The Tag Team event was won by Team Singapore (20 points) while Team Taiwan SAR (18 points) comprising of Lin and Chen finished runners-up. Team India (4 points) finished in 13th place.
After Event 3 concluded, it was Team Taiwan that was at the overall forefront with 140 points, followed closely by Team China with 138 points.
Event #4: Six-Max No-Limit Hold’em
The teams were randomly split up into four different three-table shootouts for Event#4 which was based on the Six-Max No-Limit Hold’em format.
Team India’s captain Nikita Luther was seated on Table 1 in the Six-Max NLH Shootout A Bracket, along with UK’s Sam Razavi, Hong Kong SAR’s Danny Tang, Norway’s Henrik Tollefsen and Korea’s Jimmy Lee.
The first bracket to reach the seven-handed final table was Six-Max NLH Shootout A. Chong topped the table with 36,000 in the bag, followed by Tang (34,000). Luther, placed third in stacks, was hot on their heels with 21,500. Shootout A final table ended with Tang defeating Chong in heads-up play to take away 20 points for Team Hong Kong SAR. Luther finished third and earned 16 points for Team India.
Dhaval Mudgal was in the Six-Max NLH Shootout B Bracket and found himself seated on Table 4, surrounded by Sparrow Cheung from Hong Kong, Luigi Knoppers from Netherlands, Paul Hockin from New Zealand and Frank Marino from Australia.
Shootout B reached its final table with Cheung in the lead with 36,000. Cheung went on to defeat Norway’s Robert Kaggerud in heads-up play. Mudgal was eliminated in 11th place and managed to secure six points for his team.
Six-Max NLH Shootout C Bracket featured Amit Jain on Table 7 with Calvin Tan of Singapore, Nick Woodward (UK), Michael Soyza of Malaysia and Guoliang Wei of China.
Japan’s Takumi Samejima bested Hong Kong’s Vincent Kwun Ngai Li in the Shootout C heads-up battle. Jain finished ninth and collected eight points.
The final member of the Indian battalion, Kunal Patni was at Table 10 in the Six-Max NLH Shootout D Bracket and was accompanied by Chen An Lin of Taiwan SAR, Ging Masinda of USA, Xixiang Luo of China and Singapore’s Phua Tzaiwei.
Patni finished sixth in Shootout D and garnered 11 points in the process. Meanwhile, Tzaiwei outlasted Luo in the heads-up match and won 20 points for Team Singapore.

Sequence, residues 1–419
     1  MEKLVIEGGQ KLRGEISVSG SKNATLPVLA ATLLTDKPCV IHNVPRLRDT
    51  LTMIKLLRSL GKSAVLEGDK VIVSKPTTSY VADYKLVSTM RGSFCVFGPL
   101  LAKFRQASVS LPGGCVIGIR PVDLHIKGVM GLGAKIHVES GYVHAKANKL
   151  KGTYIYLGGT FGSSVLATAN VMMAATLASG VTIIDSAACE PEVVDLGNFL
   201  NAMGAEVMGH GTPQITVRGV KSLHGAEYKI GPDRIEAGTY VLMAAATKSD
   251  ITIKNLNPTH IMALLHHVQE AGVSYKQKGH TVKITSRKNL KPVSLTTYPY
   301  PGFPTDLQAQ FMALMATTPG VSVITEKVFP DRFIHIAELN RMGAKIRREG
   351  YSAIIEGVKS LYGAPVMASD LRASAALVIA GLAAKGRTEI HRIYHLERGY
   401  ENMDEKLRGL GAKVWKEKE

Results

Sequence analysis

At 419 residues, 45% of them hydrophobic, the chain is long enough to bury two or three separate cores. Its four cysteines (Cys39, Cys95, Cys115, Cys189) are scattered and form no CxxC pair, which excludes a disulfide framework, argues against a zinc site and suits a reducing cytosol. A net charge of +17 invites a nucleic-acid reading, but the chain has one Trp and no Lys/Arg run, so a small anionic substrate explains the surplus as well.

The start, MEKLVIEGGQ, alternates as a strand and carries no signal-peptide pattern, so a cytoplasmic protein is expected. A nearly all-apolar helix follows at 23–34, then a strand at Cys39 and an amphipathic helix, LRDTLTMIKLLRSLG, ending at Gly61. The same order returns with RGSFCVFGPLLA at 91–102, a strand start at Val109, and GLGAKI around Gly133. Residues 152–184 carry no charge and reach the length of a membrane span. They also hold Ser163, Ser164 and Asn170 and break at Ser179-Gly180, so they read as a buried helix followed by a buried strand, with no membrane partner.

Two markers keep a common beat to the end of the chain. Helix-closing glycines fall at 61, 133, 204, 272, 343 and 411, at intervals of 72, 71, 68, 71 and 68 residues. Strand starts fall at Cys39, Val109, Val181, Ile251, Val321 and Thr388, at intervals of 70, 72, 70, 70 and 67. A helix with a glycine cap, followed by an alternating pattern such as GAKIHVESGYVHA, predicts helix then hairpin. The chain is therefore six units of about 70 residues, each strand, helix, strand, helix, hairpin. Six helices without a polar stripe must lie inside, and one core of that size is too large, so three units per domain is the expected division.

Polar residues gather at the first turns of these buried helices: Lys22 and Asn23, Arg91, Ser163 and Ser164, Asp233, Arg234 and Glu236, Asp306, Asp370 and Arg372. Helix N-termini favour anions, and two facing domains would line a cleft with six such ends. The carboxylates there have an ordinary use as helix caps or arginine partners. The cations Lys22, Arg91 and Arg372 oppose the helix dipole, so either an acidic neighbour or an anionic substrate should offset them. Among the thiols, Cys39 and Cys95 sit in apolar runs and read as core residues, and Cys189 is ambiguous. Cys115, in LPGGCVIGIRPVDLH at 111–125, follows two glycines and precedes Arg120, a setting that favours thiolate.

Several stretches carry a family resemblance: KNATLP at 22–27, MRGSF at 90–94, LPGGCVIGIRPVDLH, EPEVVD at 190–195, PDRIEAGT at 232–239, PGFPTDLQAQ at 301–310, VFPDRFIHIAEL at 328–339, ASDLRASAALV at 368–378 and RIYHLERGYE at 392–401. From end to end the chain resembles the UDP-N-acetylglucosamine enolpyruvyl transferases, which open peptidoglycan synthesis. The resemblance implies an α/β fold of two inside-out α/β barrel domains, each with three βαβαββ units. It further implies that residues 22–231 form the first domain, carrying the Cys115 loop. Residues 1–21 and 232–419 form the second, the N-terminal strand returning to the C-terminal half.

Day 3 Recap
Following the elimination of Team USA and Team Australia on Day 2, 12 teams resumed play on Day 3, with Team China leading with 180 points.
The felts were dominated with Event #5: Turbo No Limit Hold ‘em that comprised of four different shootouts and finally it was Team China that grabbed the maximum points and won the prize for most points in the prelims.
In the four shootout events that were hosted as part of Event 5 turbo NLHE, Team India’s Nikita Luther was seated on table one for Turbo NLH Shootout A, Dhaval Mudgal entered table three for Shootout B, Amit Jain was on table six for Shootout C and Kunal Patni was on table seven for Shootout D.
After intense action, Luigi Knoppers (20 points) of Netherlands won the Shootout A, with India’s Nikita Luther (12 points) ending her run in fifth place.
Shootout B was won by Malaysia’s Ivan Seng Yee Leow (20 points). Dhaval Mudgal (5 points) from the Indian team fell in 12th place.
In Shootout C, Vincent Kwun Ngai Li (20 points) of Hong Kong SAR emerged winner and India’s Amit Jain (11 points) finished in sixth place, missing the five-handed final table by a whisker.
Shootout D was won by Jimmy Lee (20 points) of Korea, while India`s Kunal Patni (14 points) end his run in fourth place.
1. Team China – 232
2. Team Hong Kong SAR – 229
3. Team Singapore – 224
4. Team Netherlands – 218.5
5. Team Japan – 206.5
6. Team Korea – 202
7. Team Taiwan SAR – 202
8. Team New Zealand – 199
9. Team Malaysia – 197.5
Action has now reached the home stretch with the WPT Global Teams Final where each team has received a starting stack of chips based on the points they have accumulated over the first five events, with every point getting them 1,000 chips.
The Final will be played out on the four-player Tag Team NLHE format and players will be rotated every 20 minutes, with the field playing 40-minute levels.